My newest weekly segment showcases five different draft day gameplans for Rick Spielman and the Vikings front office. During each new mock draft I will break down a different first round option, the thought process behind it and how it will ultimately have a snowball effect on the rest of their draft plans.

This is new territory for Rick Spielman, who’s been selecting in the 20s for the past few drafts. Now, sitting at pick 18, the Vikings will surely see a big name or two fall into their laps. The late teens and early 20s have always been the sweet spot for huge talent with red flags such as Randy Moss and Percy Harvin.

(The Vikings received three total compensatory picks in the later half of day three, giving Spielman enough ammo to continue to move up and down if he pleases with eight picks total.)

Mock Draft Test 1.0: Don’t Get Cute (Fixing the OL)

18) Jonah Williams, OT, Alabama

Luckily for Spielman, this is easily the best offensive line class we’ve encountered in at least the past three draft classes. I’ve got a total of SIX top-tier OL prospects that would all be a instant improvement and day one starters for any team, Jonah Williams being one of them. The Vikings have not invested a first-round pick into the unit since 2012 with Matt Kalil and are long overdue to stock back up despite it being the “boring and unsexy” route.

After investing in a pure pocket passer like Kirk Cousins, it’s now more vital than ever to give said quarterback his clean pocket needed to help maximize his skill set. This offensive line has been the clear weak spot of the team for a long time, but has been masked in large part because of the mobile scrambling and improv skills of Case Keenum during their 13-3 run in 2017.

Williams has the versatility to kick inside to guard and be rock solid, but in my opinion he could actually have a higher ceiling outside at tackle where the team could find even more value. No matter where he plays, he immediately adds more youth and power on top of good movement skills for Gary Kubiak’s zone scheme.

Having Williams be available at 18 would be a big treat. However, as we’ve seen in the past anything can and will happen on draft day, meaning guys like Cody Ford or Jawaan Taylor could be in play at 18, too. All three would be a “best case scenario” and should be at the top of every Vikings fan’s wishlist, helping turn a weakness into a strength with just one premium addition.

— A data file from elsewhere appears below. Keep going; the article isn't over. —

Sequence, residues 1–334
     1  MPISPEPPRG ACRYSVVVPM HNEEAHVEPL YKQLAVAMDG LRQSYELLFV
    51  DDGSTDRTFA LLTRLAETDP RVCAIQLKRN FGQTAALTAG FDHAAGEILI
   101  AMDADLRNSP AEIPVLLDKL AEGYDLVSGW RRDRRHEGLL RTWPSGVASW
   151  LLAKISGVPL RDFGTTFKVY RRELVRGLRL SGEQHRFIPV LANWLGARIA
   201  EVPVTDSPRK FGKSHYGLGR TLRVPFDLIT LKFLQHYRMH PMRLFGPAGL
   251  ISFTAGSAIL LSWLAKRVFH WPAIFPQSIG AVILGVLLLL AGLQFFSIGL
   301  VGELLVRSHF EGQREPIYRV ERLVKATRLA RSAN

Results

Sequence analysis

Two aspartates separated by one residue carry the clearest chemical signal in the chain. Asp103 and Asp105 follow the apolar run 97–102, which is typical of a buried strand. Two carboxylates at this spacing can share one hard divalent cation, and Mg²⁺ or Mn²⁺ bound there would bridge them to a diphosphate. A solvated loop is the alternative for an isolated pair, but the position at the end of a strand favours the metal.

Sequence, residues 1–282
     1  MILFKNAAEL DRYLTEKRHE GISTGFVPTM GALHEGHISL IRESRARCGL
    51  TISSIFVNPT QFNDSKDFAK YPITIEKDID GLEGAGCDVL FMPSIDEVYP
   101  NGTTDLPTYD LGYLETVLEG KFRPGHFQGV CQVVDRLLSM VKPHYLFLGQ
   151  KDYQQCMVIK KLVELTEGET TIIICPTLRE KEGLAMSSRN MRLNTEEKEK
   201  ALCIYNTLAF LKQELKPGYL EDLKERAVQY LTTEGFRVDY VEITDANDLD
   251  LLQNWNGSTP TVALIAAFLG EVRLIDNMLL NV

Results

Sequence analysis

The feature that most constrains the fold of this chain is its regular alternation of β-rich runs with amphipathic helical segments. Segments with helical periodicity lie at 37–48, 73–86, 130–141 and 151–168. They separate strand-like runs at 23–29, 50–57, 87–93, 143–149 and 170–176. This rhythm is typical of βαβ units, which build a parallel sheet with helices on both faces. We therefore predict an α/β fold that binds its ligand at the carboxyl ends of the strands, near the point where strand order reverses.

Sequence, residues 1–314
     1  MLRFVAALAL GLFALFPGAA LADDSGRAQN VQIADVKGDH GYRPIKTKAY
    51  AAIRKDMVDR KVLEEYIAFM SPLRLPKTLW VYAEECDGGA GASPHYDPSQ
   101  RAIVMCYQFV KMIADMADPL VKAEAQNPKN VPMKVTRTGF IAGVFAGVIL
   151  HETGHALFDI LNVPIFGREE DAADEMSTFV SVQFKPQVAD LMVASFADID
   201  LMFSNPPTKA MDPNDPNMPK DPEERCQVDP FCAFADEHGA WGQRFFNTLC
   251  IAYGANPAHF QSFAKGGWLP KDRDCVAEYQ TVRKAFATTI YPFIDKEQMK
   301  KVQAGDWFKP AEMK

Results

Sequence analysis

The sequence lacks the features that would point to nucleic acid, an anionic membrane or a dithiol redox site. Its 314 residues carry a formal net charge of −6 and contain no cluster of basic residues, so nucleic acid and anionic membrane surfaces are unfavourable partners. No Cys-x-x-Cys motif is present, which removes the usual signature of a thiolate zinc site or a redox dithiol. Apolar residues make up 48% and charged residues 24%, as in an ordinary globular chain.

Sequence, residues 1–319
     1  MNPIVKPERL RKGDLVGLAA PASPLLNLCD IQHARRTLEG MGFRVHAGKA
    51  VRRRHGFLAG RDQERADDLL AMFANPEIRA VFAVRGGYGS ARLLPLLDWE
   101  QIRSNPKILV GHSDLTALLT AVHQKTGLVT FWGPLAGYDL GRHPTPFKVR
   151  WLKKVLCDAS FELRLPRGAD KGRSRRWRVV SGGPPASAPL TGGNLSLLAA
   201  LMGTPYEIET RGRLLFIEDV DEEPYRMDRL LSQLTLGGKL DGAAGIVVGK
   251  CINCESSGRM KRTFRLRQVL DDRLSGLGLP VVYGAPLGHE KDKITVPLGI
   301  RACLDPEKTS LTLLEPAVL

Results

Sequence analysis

50) Erik McCoy, IOL, Texas A&M

Luke, another one?

If you’re asking me this right now I’d ask you, “How much Vikings football did you watch in 2018?” Easily one of the worst offensive lines in the league, again. As stated above, what makes matters worse is Cousins being a statue in the pocket, demanding time to scan the field and needing a clean pocket to step up into. Make no mistake, when he’s got time to dissect, Cousins is a top-10 quarterback from a mechanics and accuracy standpoint. However, asking him to move around and make plays on the move will never be his strong suit. If you’re going to spend almost $90 million guaranteed you better protect your investment, and give him the tools he needs to succeed for his specific skill set.

So why McCoy?

Outside of Garrett Bradbury, no one fits the athletic profile that new OC Gary Kubiak wants in his linemen like McCoy. An ultra-athletic center that not only has NFL strength that he put on full display against first-round picks Quinnen Williams and Dexter Lawrence (and 34 bench reps), but also ripped up the combine with the fastest 40 time of any interior lineman with a blazing 4.89 in that stout 303-pound frame. Whew!

Bradbury is my dream for the Vikings in round two, but make no mistake, fans should still be mighty impressed if the front office were to land McCoy on day two. With Pat Elflein and McCoy, the offense now has two of the youngest and brightest centers in the NFL. And for a soft interior unit that underwhelmed mightily in 2018, that’s a “problem” the Vikings would surely welcome with open arms.

Don’t get too stuck on having two starting centers. Remember, Elflein was one of the nation’s best guards before sliding into the middle and winning the Remington award.

Having added Josh Kline in free agency to be a likely starter — and now adding Williams and McCoy — the Vikings have real depth on the offensive line.

81) Kahale Warring, TE, San Diego State

Get to know this name now before it’s too late. A newcomer to the game, Warring only has a few full seasons of football under his belt after walking on his freshman season. With that said, Warring offers tons of attributes to work with and develop starting with a big 6-5 chiseled frame. At that size, Warring had a rock solid combine, posting upper echelon results in the 40, vertical and broad jump.